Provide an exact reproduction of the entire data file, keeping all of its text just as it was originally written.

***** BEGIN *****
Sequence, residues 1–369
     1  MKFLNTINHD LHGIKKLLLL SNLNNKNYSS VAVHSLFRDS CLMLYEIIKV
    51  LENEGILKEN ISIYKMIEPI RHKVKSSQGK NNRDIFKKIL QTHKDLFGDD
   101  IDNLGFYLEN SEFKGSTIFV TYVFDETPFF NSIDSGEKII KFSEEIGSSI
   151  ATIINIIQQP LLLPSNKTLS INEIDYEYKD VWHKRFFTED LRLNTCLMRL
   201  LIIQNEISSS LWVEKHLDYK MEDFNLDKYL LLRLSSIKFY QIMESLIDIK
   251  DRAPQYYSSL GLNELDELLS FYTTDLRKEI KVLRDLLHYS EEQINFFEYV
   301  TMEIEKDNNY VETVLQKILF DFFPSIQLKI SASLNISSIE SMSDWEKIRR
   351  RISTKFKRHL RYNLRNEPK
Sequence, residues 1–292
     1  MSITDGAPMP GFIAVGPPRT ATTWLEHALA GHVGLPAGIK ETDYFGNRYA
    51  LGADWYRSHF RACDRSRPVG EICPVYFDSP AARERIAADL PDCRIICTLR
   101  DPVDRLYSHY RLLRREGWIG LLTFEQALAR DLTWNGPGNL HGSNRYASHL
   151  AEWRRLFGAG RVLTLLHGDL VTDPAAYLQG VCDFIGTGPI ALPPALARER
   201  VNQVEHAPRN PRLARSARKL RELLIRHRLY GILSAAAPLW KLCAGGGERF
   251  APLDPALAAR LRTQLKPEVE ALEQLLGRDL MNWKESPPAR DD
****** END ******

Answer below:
Sequence, residues 1–369
     1  MKFLNTINHD LHGIKKLLLL SNLNNKNYSS VAVHSLFRDS CLMLYEIIKV
    51  LENEGILKEN ISIYKMIEPI RHKVKSSQGK NNRDIFKKIL QTHKDLFGDD
   101  IDNLGFYLEN SEFKGSTIFV TYVFDETPFF NSIDSGEKII KFSEEIGSSI
   151  ATIINIIQQP LLLPSNKTLS INEIDYEYKD VWHKRFFTED LRLNTCLMRL
   201  LIIQNEISSS LWVEKHLDYK MEDFNLDKYL LLRLSSIKFY QIMESLIDIK
   251  DRAPQYYSSL GLNELDELLS FYTTDLRKEI KVLRDLLHYS EEQINFFEYV
   301  TMEIEKDNNY VETVLQKILF DFFPSIQLKI SASLNISSIE SMSDWEKIRR
   351  RISTKFKRHL RYNLRNEPK
Sequence, residues 1–292
     1  MSITDGAPMP GFIAVGPPRT ATTWLEHALA GHVGLPAGIK ETDYFGNRYA
    51  LGADWYRSHF RACDRSRPVG EICPVYFDSP AARERIAADL PDCRIICTLR
   101  DPVDRLYSHY RLLRREGWIG LLTFEQALAR DLTWNGPGNL HGSNRYASHL
   151  AEWRRLFGAG RVLTLLHGDL VTDPAAYLQG VCDFIGTGPI ALPPALARER
   201  VNQVEHAPRN PRLARSARKL RELLIRHRLY GILSAAAPLW KLCAGGGERF
   251  APLDPALAAR LRTQLKPEVE ALEQLLGRDL MNWKESPPAR DD